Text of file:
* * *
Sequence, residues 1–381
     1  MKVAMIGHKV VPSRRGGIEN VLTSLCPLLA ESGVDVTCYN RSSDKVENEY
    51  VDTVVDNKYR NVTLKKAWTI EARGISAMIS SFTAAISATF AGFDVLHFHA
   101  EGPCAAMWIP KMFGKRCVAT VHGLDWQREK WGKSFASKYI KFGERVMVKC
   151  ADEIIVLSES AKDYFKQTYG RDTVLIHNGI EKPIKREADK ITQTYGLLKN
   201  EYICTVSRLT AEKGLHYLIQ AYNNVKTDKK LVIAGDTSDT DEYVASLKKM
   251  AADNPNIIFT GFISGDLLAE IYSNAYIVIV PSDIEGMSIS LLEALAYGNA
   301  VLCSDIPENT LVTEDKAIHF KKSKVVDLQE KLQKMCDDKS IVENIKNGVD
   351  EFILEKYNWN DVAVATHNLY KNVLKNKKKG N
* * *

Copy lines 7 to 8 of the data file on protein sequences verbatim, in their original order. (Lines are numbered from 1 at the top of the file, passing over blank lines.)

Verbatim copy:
   251  AADNPNIIFT GFISGDLLAE IYSNAYIVIV PSDIEGMSIS LLEALAYGNA
   301  VLCSDIPENT LVTEDKAIHF KKSKVVDLQE KLQKMCDDKS IVENIKNGVD